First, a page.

415 Monroe Street, Hoboken, New Jersey

415 Monroe Street, Hoboken, New Jersey - Birthplace of Frank Sinatra

415 Monroe Street, Hoboken, New Jersey

I am standing in the most improbable spot in the world.

I am standing in a parking lot. It is a small gravelly space – room for only five or six cars if you were clever. It is nestled between two small buildings. One is an old row house – though not the classic Brooklyn brownstones  we’ve seen in a thousand Hollywood backlot movies. This house, which is on the south side of the parking lot, is covered with vinyl siding. The one on the north is short and brickfaced, with tarpaper shingles facing the parking lot.

I look up the street again. The old Italian men on the street corners who have been watching me out of the corners of their eyes, look away again when I look at them. I believe they know why I have been walking up and down this nondescript street on this hot day, looking at door numbers, retracing my steps in confusion. Checking my notes. Because I cannot believe that there is an empty space here. There should be a house here. This is 415 Monroe Street and it is inconceivable to me that there would not be a house at 415 Monroe Street. Because this is where Frank Sinatra was born.

But there isn’t. And that’s because this house burned down in 1967. So I sit down on the park bench in front of 417, the short brick building that has become a sort of “replacement shrine” to Sinatra, and think. The most famous house in Hoboken, the birthplace of the most famous person Hoboken ever produced, burned down. This doesn’t make any sense to me. Because Sinatra’s birthplace should be like the Monticello or Mount Vernon of Hoboken. But where is it?

You could understand it, I suppose, if it didn’t seem so damn random. If it were merely some shortsighted developer who tore it down to install a monstrosity. Or the result of the widening of some inconsequential road. But a fire? Especially when you consider that Frank’s dad was a fireman.

I begin thinking about what this street was like in 1915 when Sinatra was born. Did New York City seem a world away, even though you could walk a dozen blocks east of here and look down from the cliffs and see Wall Street? Did Europe seem like another planet, though both Sinatra’s parents – and probably most of the parents of the kids he knew – had come from there to start over, somehow, here? Did the war over there, which we would join in two years time, did that seem even remotely real? Or did that vast ocean that separated us from Europe insulate everybody on this street?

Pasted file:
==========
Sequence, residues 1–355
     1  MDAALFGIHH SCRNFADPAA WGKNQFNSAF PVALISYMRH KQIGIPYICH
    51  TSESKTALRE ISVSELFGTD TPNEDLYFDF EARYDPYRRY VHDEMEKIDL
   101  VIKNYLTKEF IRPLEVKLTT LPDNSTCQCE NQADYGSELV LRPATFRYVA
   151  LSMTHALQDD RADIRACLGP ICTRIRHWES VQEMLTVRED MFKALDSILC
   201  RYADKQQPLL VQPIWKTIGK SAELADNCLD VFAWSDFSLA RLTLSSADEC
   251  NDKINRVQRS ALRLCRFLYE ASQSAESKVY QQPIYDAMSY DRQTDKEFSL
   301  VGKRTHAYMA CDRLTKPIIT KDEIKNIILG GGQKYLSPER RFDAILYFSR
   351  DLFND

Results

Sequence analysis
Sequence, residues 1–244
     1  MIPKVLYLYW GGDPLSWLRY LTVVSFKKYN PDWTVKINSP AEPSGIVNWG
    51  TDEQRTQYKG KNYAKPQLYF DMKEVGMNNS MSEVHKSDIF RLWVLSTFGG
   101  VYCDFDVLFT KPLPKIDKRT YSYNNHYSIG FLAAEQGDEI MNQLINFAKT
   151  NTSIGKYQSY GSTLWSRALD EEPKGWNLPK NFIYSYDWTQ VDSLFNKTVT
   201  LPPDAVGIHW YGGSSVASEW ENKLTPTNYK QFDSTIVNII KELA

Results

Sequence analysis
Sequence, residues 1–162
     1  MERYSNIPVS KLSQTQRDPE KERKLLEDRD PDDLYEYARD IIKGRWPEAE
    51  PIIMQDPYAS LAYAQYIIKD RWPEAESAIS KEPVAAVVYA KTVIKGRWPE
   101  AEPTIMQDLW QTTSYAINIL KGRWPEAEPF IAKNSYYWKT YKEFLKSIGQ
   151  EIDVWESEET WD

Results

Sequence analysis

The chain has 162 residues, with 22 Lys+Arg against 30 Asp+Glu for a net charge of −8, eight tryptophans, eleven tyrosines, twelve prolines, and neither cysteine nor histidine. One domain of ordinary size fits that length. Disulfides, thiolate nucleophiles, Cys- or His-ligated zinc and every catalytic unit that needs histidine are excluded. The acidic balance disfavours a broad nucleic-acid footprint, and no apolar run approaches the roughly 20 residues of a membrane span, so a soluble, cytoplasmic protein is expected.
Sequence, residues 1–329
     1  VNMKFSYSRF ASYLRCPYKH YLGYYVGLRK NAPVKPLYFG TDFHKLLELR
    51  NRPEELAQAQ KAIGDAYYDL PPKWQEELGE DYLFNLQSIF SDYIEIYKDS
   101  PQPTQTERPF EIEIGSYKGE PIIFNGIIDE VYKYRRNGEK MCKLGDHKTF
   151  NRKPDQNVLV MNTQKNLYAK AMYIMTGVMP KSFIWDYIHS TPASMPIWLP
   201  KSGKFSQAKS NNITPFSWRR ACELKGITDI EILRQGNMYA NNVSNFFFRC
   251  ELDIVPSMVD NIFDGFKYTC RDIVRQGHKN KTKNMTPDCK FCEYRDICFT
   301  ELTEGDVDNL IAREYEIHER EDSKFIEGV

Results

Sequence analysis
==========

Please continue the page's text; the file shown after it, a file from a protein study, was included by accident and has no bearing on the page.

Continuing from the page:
For we were the backwater. The Hoboken – not even the Brooklyn – to Europe’s Manhattan. We were natural resources – oil and farming and whatever else we could make the land do. But we were not the place people looked for truth. We were not where the world looked for wisdom. The world looked at us the same way we look at the grocery store or the gas station today. And when Europe began it’s dance with death in the thirties and the intelligentsia came to these shores, they came here to escape. They came as generations before had come – for a mythology of promise that bore as little relation to us as dreams usually do. They came here to get away from Europe.

And then I began thinking about the Sinatra that I listen to. That fifties genius – the Nelson Riddle, Billy May, Gordon Jenkins arrangements. When Sinatra wasn’t just himself, he had become the voice of America. The America that was left standing after Europe had bombed itself into the stone age, and, for the second time in thirty years, destroyed it’s own youth and possibility. The America that woke up one morning and discovered that it was the super power; that it was the last great hope, the future. The America that felt that anything was possible. That felt that the rules had all changed and that we – you, me, the guy down the street – could do anything.

You can hear it in his voice, the way he swings around the beat – the phrasing that winks as if to say, yeah, you and me, we’re just average Joes, but you know what? We’re American Average Joes, and that’s the best thing there is. We’re the ones who built the bomb. Who freed Europe. Who invented nylon, for god’s sake. Who invented jazz. A voice of confidence. Of a fearlessness born not of ignorance, but fired in the twin kilns of the Depression and World War 2. Not the reassurance in a dark time that FDR had given them through the radio. But a bravado. A boldness. A self-possession that America felt and that the world had never seen before.

From this guy. This bobbysoxer hero. This only child of a wardheeler abortionist and a fireman. Who grew up to marry Ava Gardner and win an Oscar and pal around with presidents and retire to the palatial ranches of the Golden State.

You know, they used to claim that in Hoboken there was a bar on every corner. I look up and down this street, but I don’t see one. So I get up. I start walking in the general direction of Tennessee. Anybody want a drink?

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~ by martinbihl on February 27, 2009.

2 Responses to “415 Monroe Street, Hoboken, New Jersey”

  1. Just passing by.Btw, your website have great content!

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  2. Thanks for the write up. The way you felt and reacted is EXACTLY how I would have, too. You would think Hoboken would at least rebuild a replica of the home of their famous son!

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